Let "X" - a phenomenon that confirms the theory "T", and let the "I" - to our knowledge of the environment, except for the phenomenon "X".

Let Pr (T | XI) - the probability that the theory of "T" is true, with the proviso that it is known that "X" and "I" are correct.

Then: Pr (T | XI) = frac {Pr (T | I) cdot Pr (X | TI)} {Pr (X | I)}

where Pr (T | I) - the probability that the theory "T" is true, with the proviso that only an "I" is known, it is true; Pr (X | TI) - the probability that "X" is true, on the condition that a "T" and "I" are known to be true; and Pr (X | I) - the probability that "X" is true, with the proviso that only an "I" is known to be true (Stahler, Bernd and Douglas 287).

By using this theorem, paradox appears. If the observer chooses apple randomly, the chances of seeing a red apple does not depend on whether or not all crows are black or not. The second part of the numerator is equal to the denominator, and the probability of choosing a red apple will not change. Observation of "X" and the theory of "T" are not related, and seeing a red apple will not increase confidence that all crows are black.

If the observer chooses randomly not any black object, and it is an apple, the second part of the numerator is greater denominator is only a very small amount. In this scenario, watching a red apple will increase the likelihood that all crows are black, but only very slightly. Longer than black objects we observe are not among them ravens, the greater will be our confidence that all crows are black, but the rate of increase this confidence will be so small that they will not be felt intuitively. In the limiting case, if the observer cannot see all the black things in the universe and never find among them ravens, it obviously would make sure that all crows are black.

**The "physical meaning" and terminology**

Bayes' formula allows you to "rearrange the cause and effect": in the event known fact to calculate the probability that it was caused by this reason. Events that reflect the effect of the "causes" in this case is usually referred to as "hypotheses", as they are - "alleged" events that caused this. In addition, the unconditional probability of justice "hypothesis" is called "a priori" (how likely cause "in general"), and conditional when the event has occurred - "a posteriori" (how likely cause "was based on the data of the event.")

**Consequence**

An important consequence of the Bayesian formula is the formula of total probability of event-dependent "several" incompatible hypotheses (and only them!).: P (B) = sum_ {i = 1} ^ NP (A_i) P (B | A_i) - probability occurrence of the event "B", depending on a number of hypotheses A_i, if we know the degree of reliability of these hypotheses (e.g., measured experimentally); hider | hidden = 1 | title = Output | content-style = text-align: content = If an event depends only on the reasons A_i, what if it happened, then certainly there was some reason, i.e.: sum_i P (A_i | B) = 1, (Stahler, Bernd and Douglas 289).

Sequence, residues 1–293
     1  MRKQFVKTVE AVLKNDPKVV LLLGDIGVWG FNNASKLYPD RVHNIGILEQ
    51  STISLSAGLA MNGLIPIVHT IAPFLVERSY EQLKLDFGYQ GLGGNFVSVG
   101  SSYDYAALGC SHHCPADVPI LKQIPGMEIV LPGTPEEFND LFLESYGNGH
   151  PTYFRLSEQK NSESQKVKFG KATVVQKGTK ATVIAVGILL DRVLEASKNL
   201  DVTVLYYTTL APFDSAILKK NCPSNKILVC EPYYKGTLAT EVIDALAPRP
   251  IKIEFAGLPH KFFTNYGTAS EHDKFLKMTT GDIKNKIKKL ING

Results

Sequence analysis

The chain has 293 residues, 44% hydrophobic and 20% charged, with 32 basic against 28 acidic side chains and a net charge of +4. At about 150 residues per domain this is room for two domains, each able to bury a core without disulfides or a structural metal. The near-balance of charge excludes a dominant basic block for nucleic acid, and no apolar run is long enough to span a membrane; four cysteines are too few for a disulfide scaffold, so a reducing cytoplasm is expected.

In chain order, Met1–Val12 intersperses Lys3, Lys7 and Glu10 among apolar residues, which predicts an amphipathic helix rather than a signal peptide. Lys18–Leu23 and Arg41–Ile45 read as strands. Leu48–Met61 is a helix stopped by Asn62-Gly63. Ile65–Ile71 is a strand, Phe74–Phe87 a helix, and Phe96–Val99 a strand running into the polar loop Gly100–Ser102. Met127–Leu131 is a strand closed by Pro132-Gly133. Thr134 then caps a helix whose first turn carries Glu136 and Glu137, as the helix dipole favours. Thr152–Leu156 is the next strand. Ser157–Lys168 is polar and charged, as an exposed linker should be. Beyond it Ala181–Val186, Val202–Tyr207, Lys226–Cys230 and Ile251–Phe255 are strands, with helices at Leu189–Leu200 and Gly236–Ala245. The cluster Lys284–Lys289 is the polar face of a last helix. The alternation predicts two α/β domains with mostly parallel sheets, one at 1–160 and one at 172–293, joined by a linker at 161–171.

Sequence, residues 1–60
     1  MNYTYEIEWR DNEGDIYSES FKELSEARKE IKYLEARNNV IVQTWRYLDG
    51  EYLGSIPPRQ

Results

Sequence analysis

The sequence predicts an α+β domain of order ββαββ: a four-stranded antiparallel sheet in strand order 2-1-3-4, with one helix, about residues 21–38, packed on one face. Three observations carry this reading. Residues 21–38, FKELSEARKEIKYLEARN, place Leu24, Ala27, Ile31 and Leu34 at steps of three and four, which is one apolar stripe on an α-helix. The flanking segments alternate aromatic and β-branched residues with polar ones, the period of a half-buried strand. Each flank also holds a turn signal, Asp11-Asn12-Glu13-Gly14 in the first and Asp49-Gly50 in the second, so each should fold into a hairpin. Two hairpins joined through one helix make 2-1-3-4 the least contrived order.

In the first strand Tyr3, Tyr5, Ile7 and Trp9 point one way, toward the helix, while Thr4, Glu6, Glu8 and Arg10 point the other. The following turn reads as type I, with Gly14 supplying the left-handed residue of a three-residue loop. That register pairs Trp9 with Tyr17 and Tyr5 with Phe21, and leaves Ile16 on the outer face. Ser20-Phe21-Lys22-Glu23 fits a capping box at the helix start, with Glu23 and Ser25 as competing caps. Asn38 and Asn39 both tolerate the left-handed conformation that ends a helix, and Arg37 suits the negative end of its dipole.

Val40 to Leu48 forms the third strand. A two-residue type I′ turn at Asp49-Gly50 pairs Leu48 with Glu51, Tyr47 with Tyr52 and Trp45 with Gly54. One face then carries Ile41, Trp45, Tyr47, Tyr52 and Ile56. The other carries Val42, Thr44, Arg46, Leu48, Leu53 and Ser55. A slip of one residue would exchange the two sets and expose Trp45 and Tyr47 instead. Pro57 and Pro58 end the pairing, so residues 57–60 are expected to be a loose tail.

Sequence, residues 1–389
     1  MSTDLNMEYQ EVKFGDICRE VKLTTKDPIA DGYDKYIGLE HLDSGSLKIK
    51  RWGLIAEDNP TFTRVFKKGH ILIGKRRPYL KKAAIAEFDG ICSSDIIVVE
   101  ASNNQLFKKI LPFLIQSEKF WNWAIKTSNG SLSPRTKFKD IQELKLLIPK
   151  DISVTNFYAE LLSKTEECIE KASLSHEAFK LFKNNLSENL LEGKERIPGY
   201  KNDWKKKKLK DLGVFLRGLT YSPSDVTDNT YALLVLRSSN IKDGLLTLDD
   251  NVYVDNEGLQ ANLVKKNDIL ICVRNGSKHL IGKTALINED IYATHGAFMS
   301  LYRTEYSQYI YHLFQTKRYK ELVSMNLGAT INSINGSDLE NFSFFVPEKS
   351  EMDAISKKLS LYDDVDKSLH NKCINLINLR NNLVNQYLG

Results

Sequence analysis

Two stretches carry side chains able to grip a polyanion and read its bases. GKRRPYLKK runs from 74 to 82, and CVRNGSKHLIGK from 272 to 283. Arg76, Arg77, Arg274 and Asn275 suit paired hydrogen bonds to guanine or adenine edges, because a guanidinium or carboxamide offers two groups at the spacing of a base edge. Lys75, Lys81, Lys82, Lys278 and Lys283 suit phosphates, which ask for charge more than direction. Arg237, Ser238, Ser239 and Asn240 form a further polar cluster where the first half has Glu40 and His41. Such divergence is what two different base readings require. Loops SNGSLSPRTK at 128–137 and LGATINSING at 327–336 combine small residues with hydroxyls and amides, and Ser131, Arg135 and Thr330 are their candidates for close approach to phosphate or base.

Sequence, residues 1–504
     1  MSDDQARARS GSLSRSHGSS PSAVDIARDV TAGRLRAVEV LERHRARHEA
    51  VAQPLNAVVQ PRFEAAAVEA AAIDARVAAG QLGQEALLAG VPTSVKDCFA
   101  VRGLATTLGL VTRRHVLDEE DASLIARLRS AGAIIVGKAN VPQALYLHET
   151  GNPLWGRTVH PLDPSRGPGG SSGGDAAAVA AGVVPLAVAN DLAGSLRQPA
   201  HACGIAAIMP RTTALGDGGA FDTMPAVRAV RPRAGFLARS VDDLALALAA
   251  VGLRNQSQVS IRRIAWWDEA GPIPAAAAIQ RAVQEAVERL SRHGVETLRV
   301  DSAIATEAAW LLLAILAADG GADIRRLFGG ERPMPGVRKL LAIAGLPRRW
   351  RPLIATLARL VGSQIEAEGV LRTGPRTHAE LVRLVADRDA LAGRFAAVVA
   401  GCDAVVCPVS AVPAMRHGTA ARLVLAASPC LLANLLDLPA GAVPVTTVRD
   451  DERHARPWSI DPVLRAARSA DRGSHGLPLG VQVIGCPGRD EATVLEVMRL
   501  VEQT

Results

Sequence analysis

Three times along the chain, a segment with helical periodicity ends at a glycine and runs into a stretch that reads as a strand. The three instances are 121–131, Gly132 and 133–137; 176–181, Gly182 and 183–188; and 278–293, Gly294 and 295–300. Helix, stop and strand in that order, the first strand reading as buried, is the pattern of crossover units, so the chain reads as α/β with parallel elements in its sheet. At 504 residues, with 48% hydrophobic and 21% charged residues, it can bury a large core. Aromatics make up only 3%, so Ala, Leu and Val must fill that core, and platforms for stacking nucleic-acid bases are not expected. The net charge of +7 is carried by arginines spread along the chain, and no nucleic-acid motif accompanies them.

According to Bayes formula: Sum_i frac {P (A_i) P (B | A_i)} {P (B)} = 1

Transfer of P (B) we obtain the desired expression of the right. “Unquote (Wikipedia).

**Solution**

This task includes the need to resolve several issues. This consideration:

- The application of incomplete induction in the specific wording "all crows are black" to conclude that the degree of truth of a particular hypothesis;
- Use of incomplete induction in general, abstract formulation for the conclusion of the degree of truth of any hypothesis;
- Correct application of incomplete induction mechanism for a new sign

That is necessary to consider the specific hypothesis "all ravens are black" and solve the problem in fact - what is the truth degree of knowledge obtained by the method of incomplete induction. If we assume that the statement "all ravens are black" might be true, if it could be proved complete observation of this phenomenon or its equivalent negation of the opposite statement "all non-black objects are not crows", in this case, we would have taken upon lack of true situation any knowledge through method incomplete induction.

### Works Cited

Bugnyar, T, and K Kotrschal. “Observational Learning and the Raiding of Food Caches in Ravens, Corvus Corax: Is It ‘Tactical’ Deception?” Animal Behaviour 64 (2002): 185–195.

Dun, Xinguo. “Queries on Hempel’s Solution to the Paradoxes of Confirmation.” Frontiers of Philosophy in China 2007 : 131–139.

Schloegl, Christian, Kurt Kotrschal, and Thomas Bugnyar. “Gaze Following in Common Ravens, Corvus Corax: Ontogeny and Habituation.” Animal Behaviour 74 (2007): 769–778.

Stahler, Daniel, Bernd Heinrich, and Douglas Smith. “Common Ravens, Corvus Corax, Preferentially Associate with Grey Wolves, Canis Lupus, as a Foraging Strategy in Winter.” Animal Behaviour 64 (2002): 283–290.